Still, infuriatingly, no phone. By now, he should be here, the clunk-whirr of the garage door announcing his return, so that by the time the door shuts, they will be in their weekend together, their uninterrupted idyll, or perhaps a one-sided idyll. She stomps down to the kitchen, determined to start on the food and resolved to remain cool. After five minutes peeling and chopping carrots, the phone rings in the hall and she rushes thankfully towards it, thinking traffic jams, weather, conference delays in winding up. It takes ten seconds for her to register the moronic deadness of the silence, yet another ridiculous call centre. Big, sudden and shaming tears, a whole mist of them, and she rushes upstairs to the en suite bathroom, the inner sanctum, accessible only to herself and her husband.
She faces herself in the mirror; a strange figure, she pronounces scornfully within, to burst into tears and run around the house like some demented teenager. Smooth, well-preserved skin, the wrinkles minimised and the face still with dignity and some beauty, though the thin cheekbones seem even more so and there are two inescapable age lines just below the dark green eyes. The hair still with its shape, even if a little too guest WI speaker correct, and undeniably with streaks of grey which she, like Peter, refuses to dye out. The most unsightly features, beyond any doubt, are the two tear streaks, and she washes them away with a gesture of impatience.
Whatever has delayed Peter will be explained in its entirely logical ramifications, most probably within the next half hour. Perhaps, she thinks, stopping work altogether wasn’t such a good idea. Much as she loves Peter, she doesn’t really want to spend her whole life in his waiting room. If small children were too exhausting, receptionist somewhere, perhaps the Health Centre, meeting people and doing something useful. Maybe even a desk at the local Leisure Centre, with its Olympic standard pool, with the option of gorging herself on near-naked young men until she became more connoisseur than dabbler. She grins wickedly at herself and marvels at the way the under-eye lines suddenly gravitate to the sides and give her a quite sinister, predatory look. At the same moment, one eye tugs to the left and the little shelf where Peter keeps his collection of aftershaves. Travel usually meant topping up and usually he had five or six there. She had teased him about it; ‘how many fragrances do you need, darling?’ to be answered with his quiet smile. Now there were only two, meaning he had gone to some week-long dull management-fest equipped with at least three after shaves.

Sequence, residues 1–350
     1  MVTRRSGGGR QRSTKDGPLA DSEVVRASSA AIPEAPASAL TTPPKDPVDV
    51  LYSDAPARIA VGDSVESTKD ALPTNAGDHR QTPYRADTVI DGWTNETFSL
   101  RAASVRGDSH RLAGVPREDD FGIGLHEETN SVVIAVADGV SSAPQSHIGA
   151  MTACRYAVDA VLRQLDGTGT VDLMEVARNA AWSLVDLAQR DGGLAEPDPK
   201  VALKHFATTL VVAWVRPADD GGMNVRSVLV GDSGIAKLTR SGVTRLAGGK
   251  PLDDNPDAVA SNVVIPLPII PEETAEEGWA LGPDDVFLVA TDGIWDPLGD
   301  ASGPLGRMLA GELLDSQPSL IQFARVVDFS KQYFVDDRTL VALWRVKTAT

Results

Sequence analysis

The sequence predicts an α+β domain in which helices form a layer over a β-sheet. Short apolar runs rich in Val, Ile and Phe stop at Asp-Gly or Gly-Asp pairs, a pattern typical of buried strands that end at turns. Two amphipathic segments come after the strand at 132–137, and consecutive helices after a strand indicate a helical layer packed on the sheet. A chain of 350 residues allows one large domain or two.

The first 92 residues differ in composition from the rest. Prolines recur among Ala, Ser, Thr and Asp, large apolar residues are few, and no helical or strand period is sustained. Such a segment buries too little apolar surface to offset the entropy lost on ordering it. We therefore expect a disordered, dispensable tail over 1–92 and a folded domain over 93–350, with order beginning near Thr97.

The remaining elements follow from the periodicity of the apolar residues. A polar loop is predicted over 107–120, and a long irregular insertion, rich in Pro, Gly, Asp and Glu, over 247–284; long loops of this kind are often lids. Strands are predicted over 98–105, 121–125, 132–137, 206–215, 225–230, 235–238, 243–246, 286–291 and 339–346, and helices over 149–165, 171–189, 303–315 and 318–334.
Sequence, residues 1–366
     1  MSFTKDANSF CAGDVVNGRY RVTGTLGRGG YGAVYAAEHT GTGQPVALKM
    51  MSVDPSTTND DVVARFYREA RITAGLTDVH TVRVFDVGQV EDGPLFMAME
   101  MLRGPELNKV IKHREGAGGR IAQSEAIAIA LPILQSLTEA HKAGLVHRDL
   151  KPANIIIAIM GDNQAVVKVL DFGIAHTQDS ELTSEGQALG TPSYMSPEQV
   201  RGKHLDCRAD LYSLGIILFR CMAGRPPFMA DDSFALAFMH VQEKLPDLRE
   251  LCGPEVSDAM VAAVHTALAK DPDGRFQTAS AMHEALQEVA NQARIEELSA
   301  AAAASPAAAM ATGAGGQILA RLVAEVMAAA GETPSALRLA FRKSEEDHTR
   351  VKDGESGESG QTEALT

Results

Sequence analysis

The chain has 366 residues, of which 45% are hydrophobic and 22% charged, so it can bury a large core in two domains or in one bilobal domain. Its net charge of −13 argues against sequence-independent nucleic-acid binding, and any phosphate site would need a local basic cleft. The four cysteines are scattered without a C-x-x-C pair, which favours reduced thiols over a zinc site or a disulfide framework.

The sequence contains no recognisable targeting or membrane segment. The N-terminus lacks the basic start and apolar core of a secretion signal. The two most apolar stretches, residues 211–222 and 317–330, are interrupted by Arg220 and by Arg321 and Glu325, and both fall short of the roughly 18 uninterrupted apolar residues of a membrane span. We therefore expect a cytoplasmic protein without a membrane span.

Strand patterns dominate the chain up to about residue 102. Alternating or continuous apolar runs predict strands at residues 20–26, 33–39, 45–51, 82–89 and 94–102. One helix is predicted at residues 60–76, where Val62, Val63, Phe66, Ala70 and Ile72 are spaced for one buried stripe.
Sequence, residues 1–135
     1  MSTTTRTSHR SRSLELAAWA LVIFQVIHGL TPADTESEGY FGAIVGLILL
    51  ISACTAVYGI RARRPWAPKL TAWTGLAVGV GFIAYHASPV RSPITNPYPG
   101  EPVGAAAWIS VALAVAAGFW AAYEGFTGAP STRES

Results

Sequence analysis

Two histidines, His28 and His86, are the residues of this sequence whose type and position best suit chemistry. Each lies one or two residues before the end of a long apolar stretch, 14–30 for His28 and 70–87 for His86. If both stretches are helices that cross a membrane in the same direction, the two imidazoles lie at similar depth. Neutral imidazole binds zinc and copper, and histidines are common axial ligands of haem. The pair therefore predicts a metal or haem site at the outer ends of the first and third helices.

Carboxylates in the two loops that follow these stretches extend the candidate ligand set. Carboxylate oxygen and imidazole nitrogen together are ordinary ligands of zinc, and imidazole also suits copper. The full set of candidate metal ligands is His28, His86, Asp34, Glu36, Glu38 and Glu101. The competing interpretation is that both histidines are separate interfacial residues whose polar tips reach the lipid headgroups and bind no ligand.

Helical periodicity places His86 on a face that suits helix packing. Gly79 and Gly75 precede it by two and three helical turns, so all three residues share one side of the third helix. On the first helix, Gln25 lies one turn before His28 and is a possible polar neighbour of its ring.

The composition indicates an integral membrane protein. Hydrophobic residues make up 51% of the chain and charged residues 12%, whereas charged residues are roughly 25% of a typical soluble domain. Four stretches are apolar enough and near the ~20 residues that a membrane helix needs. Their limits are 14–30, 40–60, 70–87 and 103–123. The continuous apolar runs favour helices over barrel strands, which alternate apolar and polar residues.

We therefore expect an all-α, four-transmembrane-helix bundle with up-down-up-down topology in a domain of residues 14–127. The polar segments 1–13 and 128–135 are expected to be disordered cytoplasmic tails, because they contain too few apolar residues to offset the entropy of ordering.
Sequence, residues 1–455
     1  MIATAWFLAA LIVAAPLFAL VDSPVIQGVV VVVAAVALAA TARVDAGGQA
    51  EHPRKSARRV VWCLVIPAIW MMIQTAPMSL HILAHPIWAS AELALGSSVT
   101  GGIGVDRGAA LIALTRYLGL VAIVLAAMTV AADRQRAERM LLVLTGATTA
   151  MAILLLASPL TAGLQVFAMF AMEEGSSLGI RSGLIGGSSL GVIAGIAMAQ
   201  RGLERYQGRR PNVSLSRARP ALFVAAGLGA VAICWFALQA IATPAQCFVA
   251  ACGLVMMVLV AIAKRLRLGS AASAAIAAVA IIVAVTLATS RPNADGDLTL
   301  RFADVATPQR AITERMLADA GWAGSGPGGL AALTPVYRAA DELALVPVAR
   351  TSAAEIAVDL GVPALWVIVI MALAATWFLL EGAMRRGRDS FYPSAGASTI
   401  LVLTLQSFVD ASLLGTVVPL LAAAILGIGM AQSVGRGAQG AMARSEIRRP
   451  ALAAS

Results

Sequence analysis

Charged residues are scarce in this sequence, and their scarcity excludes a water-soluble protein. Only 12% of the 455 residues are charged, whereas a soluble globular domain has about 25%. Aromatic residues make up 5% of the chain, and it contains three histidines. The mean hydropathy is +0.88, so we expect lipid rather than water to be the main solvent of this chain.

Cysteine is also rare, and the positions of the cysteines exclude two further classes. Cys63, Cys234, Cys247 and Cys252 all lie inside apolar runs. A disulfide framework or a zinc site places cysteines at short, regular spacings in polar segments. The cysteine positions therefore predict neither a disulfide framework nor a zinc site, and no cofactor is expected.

The mirror again, and this time the image is of a credulous fool, an old mare put out to grass while the still virile husband plays about in various temps’ and assistants’ beds and lives.
She stamps downstairs and sits heavily down in the hall, on the phone seat, and calls to mind his mobile number. Now she is strongly inclined to call, whether he’s in the car or not; voice mail could at least tell him in no uncertain terms that twiddling her thumbs in painful ignorance was not how she would be treated, not now or in whatever future might be left. She saw someone, perhaps that unsubtle creature Yvonne, who Peter’s colleague Douglas Caldwell laughably described as a personal assistant, next to him in the car.
‘Number flashing, Peter; don’t recognise it. Out in the sticks, by the look of it’. Peter stops at a traffic light and glances over. ‘God, darling, that’s the wife. Oh, hell’s bells’ – glances at watch – ‘yes, she would’ve started cooking and clucking by now, all set for a cosy old night and sod horrid old London for another week –‘
No, no, no. She closes her eyes. Peter is not like that. He does respect her, and any woman can tell when a man genuinely cares for her; his solicitude around her, the gentleness of his voice, the kindnesses and favours he does her. Peter knew how to treat her. Peter knew how to treat women. And with opportunity and appetite, which no doubt he still had, even if it wasn’t necessarily for what she had to offer…
She opens her eyes and looks, suddenly critically, at the objects in the hall, the wall clock, the occasional table, the landscape painting, the old-fashioned solid wooden hat stand, the whole a declaration of taste to whoever arrived at the house.